Many high quality RCTs in sports physical therapy are making false positive claims of treatment effect: a systematic survey

C M Bleakley, Jonathan Reijgers, James Smoliga

Research output: Contribution to journalArticle

Abstract

Objective: To examine the risk of false positive reporting within high quality randomized controlled trials (RCTs) in the sports physical therapy field.Design: Cross-sectionalMethods: We searched the PEDro database for parallel design 2-arm RCTs reporting positive treatment effects based on null hypothesis significance testing, and scoring >6/10 on the PEDro scale. No restrictions were made on pathology, intervention or outcome variables. Sixty-two of 212 RCTs reported positive effects in at least one outcome variable. We estimated False Positive Risk (FPR) using the FPR Web Calculator (version 1.5) based data on: n of participants, p-value, and effect size. For each study, FPR was estimated using a range of prior probability assumptions: 0.2 (skeptical hypothesis), 0.5 and 0.8 (optimistic hypothesis). Results: We calculated the FPR associated with 189 statistically significant findings (p<0.05) reported across 44 trials. The median FPR was 9% (25th-75th PCTL: 2-22%). 59% of statistically significant results (102/174) had FPR >5%, and 16% (28/174) had FPR >50%. Changing the prior probability from skeptical to optimistic reduced the median FPR from 30% (25th-75th PCTL: 9-54%) to 2% (25th-75th PCTL: 0.5-7%). Conclusion: High quality RCTs using null hypothesis significance testing often overestimated treatment effects. The median false positive risk (FPR) was 9% -- in one in 10 trials, the researchers falsely concluded there was a treatment effect. Future RCTs in sports physical therapy should be informed by pre study odds and a minimum FPR estimation.
LanguageEnglish
Pages104-109
Number of pages6
JournalJournal of Orthopaedic and Sports Physical Therapy
Volume50
Issue number2
DOIs
Publication statusPublished - 1 Feb 2020

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Sports
Randomized Controlled Trials
Therapeutics
Surveys and Questionnaires
Research Personnel
Databases
Pathology

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title = "Many high quality RCTs in sports physical therapy are making false positive claims of treatment effect: a systematic survey",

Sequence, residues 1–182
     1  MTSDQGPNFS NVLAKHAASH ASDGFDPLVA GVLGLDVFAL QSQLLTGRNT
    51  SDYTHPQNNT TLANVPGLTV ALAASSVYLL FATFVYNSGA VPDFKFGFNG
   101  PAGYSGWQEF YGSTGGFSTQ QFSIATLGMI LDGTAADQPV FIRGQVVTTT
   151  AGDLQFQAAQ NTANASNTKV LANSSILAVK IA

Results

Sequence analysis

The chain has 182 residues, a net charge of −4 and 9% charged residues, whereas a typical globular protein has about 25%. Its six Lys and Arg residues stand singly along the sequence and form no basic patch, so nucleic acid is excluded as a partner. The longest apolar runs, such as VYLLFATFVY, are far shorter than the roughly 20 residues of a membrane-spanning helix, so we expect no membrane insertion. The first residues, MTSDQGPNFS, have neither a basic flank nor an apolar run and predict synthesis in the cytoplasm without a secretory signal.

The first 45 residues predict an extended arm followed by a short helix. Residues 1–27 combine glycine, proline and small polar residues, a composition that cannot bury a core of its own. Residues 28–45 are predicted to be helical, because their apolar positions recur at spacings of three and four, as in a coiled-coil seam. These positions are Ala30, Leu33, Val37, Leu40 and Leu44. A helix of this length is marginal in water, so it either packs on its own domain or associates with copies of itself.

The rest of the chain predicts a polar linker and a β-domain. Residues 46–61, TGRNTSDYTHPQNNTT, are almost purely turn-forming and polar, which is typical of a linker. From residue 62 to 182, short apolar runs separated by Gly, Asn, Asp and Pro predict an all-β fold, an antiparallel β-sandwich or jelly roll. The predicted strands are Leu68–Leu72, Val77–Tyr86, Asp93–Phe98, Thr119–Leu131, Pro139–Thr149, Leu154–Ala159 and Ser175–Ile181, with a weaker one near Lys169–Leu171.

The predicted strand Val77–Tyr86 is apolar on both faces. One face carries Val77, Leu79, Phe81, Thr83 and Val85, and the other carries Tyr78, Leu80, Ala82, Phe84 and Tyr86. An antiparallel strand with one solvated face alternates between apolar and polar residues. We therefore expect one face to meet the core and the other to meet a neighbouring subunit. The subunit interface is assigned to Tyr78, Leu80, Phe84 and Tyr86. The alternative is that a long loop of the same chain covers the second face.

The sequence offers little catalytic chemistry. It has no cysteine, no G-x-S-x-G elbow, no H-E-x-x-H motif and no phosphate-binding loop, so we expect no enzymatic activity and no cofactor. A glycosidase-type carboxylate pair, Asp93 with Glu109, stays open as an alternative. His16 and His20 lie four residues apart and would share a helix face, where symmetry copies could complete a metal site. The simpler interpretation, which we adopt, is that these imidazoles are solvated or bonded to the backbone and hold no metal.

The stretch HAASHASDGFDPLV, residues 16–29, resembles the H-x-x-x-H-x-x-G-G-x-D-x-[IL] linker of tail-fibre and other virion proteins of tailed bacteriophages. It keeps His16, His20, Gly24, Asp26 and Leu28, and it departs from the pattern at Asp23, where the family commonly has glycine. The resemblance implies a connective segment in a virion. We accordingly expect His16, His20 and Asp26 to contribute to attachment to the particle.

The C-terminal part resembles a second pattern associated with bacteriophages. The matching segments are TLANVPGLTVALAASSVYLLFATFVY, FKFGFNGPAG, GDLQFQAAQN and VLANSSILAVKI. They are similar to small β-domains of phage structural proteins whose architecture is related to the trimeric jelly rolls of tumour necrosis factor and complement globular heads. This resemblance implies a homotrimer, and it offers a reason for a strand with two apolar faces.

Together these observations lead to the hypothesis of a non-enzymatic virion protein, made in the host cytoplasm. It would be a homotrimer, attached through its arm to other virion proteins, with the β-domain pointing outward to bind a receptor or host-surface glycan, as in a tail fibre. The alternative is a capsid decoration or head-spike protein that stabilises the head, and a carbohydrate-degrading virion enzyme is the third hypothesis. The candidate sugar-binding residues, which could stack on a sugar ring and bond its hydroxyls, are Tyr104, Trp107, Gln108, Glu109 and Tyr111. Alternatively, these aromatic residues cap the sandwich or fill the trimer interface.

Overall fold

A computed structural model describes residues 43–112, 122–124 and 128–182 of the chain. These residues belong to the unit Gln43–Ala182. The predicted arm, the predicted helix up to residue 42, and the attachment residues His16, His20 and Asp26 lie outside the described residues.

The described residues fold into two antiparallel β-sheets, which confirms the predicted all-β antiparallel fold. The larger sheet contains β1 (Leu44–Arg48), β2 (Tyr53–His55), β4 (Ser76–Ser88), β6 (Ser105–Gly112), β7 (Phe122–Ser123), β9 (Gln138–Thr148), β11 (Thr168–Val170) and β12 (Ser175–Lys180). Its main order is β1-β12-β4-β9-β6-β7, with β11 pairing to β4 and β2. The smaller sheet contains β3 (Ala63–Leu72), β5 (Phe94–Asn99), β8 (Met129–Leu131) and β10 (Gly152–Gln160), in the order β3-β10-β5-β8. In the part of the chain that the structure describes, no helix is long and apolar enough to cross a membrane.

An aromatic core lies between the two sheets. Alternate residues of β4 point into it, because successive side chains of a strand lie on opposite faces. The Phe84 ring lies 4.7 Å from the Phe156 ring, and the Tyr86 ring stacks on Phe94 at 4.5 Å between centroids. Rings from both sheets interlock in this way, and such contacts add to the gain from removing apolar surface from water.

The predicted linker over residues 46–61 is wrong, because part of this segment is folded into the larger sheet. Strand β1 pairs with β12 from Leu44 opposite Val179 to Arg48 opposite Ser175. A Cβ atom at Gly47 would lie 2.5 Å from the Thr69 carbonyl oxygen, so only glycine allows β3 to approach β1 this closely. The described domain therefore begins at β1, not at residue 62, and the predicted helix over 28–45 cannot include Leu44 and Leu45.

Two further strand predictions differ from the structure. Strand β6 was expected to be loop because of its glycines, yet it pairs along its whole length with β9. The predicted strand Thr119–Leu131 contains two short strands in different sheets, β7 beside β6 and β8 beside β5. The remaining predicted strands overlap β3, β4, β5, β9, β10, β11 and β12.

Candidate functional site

abstract = "Objective: To examine the risk of false positive reporting within high quality randomized controlled trials (RCTs) in the sports physical therapy field.Design: Cross-sectionalMethods: We searched the PEDro database for parallel design 2-arm RCTs reporting positive treatment effects based on null hypothesis significance testing, and scoring >6/10 on the PEDro scale. No restrictions were made on pathology, intervention or outcome variables. Sixty-two of 212 RCTs reported positive effects in at least one outcome variable. We estimated False Positive Risk (FPR) using the FPR Web Calculator (version 1.5) based data on: n of participants, p-value, and effect size. For each study, FPR was estimated using a range of prior probability assumptions: 0.2 (skeptical hypothesis), 0.5 and 0.8 (optimistic hypothesis). Results: We calculated the FPR associated with 189 statistically significant findings (p<0.05) reported across 44 trials. The median FPR was 9{\%} (25th-75th PCTL: 2-22{\%}). 59{\%} of statistically significant results (102/174) had FPR >5{\%}, and 16{\%} (28/174) had FPR >50{\%}. Changing the prior probability from skeptical to optimistic reduced the median FPR from 30{\%} (25th-75th PCTL: 9-54{\%}) to 2{\%} (25th-75th PCTL: 0.5-7{\%}). Conclusion: High quality RCTs using null hypothesis significance testing often overestimated treatment effects. The median false positive risk (FPR) was 9{\%} -- in one in 10 trials, the researchers falsely concluded there was a treatment effect. Future RCTs in sports physical therapy should be informed by pre study odds and a minimum FPR estimation.",